B2B SEO Simplified: A Quick-Start Guide for Managers
By Rebekah Mays
As a marketing manager, you know that SEO is important.
After all, bringing in organic traffic to your website is crucial to getting more leads for your sales team.
But SEO seems to get complicated fast … and you’d like to understand it a little better.
Today, I wanted to keep things simple, and share with you the three main areas of SEO you should be thinking about if you want to see better quality, higher organic web traffic.
These three main areas are:
We’ll dive into each one of these, and discuss what you need to know about them as a marketing manager.
If you’d like a more advanced and extensive guide to SEO for your brand, check out our guide to B2B SEO strategy in 2023.
Let’s first start with technical SEO.
Basic technical SEO is fundamental to your site’s success, because if search engines can’t access your site, then your audience won’t be able to access it, either.
Search engines need to be able to find and index our site so they can deliver our content to our audience – so the first step in a technical SEO audit is usually making sure your “indexing” is correctly set up.
There may also be certain content you don’t want to appear in search results. For instance, article tag urls in WordPress that clutter up your site, or content users need to pay in order to access.
You can block access to these pages – but in most other cases, you’ll want your content to appear in search results.
Other technical roadblocks that might be affecting your site’s organic search include slow page speed, 301 and 404 errors, incorrect canonical tag usage, poor accessibility, and security issues (https vs http).
Setting up Google Search Console on your site and following the recommendations in the console is a good way to get started with some basic technical SEO.
If you have a tech-minded person on your team, software like Sitebulb can help you further diagnose and fix the most important SEO technical problems on your site.
Technical SEO does get complicated fast — and you may want to work with an SEO consultant like One Generation to uncover these problems and the necessary solutions in a Website Quality Audit.
Once you’ve got the major technical roadblocks cleared, the next thing to tackle is content creation.
As Google writes in its “SEO starter guide,” creating great content is one of the most important factors in building your audience:
“Creating compelling and useful content will likely influence your website more than any of the other factors discussed here … Organic or word-of-mouth buzz is what helps build your site’s reputation with both users and Google, and it rarely comes without quality content.”
Of course, creating great content is easier said than done. You need to think about your customers and what kind of content they need to reach their goals.
You also need to consider where they are in their customer journey, and how you can help them take the next step through different types of content.
AI tools might help you ideate and draft your website content, but you’ll still want to have a human heavily involved in the creation and editing processes.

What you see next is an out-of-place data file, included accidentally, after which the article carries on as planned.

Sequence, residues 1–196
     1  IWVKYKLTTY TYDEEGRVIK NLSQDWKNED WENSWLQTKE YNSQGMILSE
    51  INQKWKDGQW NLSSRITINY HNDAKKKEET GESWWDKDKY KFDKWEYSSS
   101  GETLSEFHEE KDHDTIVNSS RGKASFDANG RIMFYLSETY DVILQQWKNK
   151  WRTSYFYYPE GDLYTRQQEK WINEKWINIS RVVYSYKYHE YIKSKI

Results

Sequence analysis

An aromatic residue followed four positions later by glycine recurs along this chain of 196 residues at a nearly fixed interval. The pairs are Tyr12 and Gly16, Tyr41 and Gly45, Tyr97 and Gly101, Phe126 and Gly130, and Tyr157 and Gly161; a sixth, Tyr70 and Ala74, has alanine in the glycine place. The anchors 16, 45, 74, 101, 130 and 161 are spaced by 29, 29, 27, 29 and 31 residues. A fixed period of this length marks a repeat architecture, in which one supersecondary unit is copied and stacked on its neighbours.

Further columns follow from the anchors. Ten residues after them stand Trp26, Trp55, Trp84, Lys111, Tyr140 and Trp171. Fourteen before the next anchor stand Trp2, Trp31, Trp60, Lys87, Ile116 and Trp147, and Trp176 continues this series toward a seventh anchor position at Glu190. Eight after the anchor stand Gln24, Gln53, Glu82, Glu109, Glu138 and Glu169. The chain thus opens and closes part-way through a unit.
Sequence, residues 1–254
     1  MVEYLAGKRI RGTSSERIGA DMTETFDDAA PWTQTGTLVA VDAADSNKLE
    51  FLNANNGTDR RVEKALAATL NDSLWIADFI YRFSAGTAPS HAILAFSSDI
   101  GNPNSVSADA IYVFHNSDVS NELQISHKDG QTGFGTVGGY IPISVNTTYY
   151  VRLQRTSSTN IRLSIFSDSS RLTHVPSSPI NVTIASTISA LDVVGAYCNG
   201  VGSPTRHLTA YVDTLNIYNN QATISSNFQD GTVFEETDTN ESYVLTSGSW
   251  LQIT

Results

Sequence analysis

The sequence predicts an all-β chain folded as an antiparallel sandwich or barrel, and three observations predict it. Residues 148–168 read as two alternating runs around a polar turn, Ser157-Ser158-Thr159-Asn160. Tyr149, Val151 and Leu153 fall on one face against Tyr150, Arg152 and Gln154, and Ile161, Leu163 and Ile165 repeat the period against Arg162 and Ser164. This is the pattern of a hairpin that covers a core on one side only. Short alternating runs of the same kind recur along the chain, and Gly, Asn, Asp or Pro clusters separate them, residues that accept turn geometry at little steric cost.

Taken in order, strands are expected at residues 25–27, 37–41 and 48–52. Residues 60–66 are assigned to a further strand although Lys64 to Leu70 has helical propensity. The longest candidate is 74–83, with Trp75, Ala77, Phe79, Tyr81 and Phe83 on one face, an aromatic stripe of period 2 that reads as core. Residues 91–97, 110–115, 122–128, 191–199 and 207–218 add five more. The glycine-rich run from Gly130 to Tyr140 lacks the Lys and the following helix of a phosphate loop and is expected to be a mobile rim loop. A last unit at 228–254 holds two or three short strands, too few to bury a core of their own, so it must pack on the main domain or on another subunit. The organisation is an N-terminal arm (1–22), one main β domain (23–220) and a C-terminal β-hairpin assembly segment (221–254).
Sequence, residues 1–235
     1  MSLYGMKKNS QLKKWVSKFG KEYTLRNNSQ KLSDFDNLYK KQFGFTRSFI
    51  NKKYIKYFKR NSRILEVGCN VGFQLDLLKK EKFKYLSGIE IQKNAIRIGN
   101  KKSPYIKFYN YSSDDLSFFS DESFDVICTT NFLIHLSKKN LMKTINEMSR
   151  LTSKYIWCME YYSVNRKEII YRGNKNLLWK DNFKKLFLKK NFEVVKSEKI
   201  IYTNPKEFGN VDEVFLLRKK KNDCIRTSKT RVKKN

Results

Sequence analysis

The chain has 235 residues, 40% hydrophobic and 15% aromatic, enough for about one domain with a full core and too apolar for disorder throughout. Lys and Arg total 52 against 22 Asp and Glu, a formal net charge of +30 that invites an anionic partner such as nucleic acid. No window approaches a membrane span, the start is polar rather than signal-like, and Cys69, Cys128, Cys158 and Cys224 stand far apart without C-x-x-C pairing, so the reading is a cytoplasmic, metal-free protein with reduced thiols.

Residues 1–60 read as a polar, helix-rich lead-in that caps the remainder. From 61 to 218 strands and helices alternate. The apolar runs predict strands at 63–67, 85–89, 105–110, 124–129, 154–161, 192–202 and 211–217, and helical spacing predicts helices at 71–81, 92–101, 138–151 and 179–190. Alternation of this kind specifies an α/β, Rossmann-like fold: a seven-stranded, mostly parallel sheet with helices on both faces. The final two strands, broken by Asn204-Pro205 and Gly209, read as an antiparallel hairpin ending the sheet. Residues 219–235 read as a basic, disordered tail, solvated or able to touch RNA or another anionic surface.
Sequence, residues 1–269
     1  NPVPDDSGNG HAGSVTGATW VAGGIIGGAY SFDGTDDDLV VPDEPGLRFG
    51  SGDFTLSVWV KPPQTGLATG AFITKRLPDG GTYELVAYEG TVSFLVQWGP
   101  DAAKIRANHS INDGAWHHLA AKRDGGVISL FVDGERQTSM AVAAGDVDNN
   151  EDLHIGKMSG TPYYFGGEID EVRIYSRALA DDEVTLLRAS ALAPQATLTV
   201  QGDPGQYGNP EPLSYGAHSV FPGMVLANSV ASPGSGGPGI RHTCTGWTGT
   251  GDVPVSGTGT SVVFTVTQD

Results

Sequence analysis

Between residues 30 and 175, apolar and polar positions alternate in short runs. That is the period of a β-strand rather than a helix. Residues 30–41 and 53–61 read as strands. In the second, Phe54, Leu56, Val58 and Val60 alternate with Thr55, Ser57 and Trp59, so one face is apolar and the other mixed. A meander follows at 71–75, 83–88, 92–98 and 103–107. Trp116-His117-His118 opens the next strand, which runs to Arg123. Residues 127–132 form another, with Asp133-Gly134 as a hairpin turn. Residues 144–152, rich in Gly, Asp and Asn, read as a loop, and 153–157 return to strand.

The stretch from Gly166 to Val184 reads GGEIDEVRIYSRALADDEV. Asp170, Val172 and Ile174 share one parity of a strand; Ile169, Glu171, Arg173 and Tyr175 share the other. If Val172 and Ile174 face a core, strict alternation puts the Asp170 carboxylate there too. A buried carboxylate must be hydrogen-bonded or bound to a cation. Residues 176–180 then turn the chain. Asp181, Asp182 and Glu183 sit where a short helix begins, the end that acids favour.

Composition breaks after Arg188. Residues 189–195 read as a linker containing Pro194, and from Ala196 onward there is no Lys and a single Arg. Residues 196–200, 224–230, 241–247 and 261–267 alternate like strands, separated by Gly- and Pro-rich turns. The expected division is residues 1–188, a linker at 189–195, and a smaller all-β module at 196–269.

If your brand struggles to publish content consistently, or you’re not getting the results you’d like, then it’s probably time to hire a content creator in-house, or outsource the work to an experienced agency or freelancer.
Without high-quality, consistent content, you won’t make progress toward your organic search goals.
A third key factor in your SEO success is the number of quality backlinks your site has. The more quality, reputable, and relevant websites link back to your site, the more search engines will serve up your content to web users.
Link-building is a controversial field within SEO, and SEO professionals have differing opinions on the best way to acquire links.
Many SEOs still buy links from vendors – even though paying for guest posts without tagging these as “sponsored” posts in the code is against Google’s guidelines and may not even contribute to better search rankings.
Other agencies rely on methods like digital PR, traditional PR, or manual outreach to partners to build links to their sites more organically.
If you’re just starting your SEO program and don’t have a link-building strategy in place yet, it’s usually best to focus first on creating great content that your audience will naturally link to.
Once you gain some traction in your SEO and organic content efforts, you can then re-invest in high-quality link-building content that will both build your website’s reputation, and your overall brand.
How to know if SEO should be a priority
Before getting started on an SEO program for your purpose-driven B2B brand, it’s wise to ask if now is the right time.
SEO is an excellent tactic for scaling your organic content marketing and reducing your reliance on paid advertising over time. But depending on the stage of business you’re in, you might need to prioritize other areas first.
To answer this question, think about the big picture and the other kinds of content you need to create for your website.
And make sure to download our free guide “Is SEO worth it? The six questions to ask for your impact brand” for helpful tips and a 6-point questionnaire about investing in SEO.
About the author
Rebekah Mays is the founder and owner of One Generation, a digital marketing agency offering SEO and content “sprints” to grow traffic and leads for purpose-driven B2B brands. Ready for more traffic so you can make a bigger impact? Get in touch.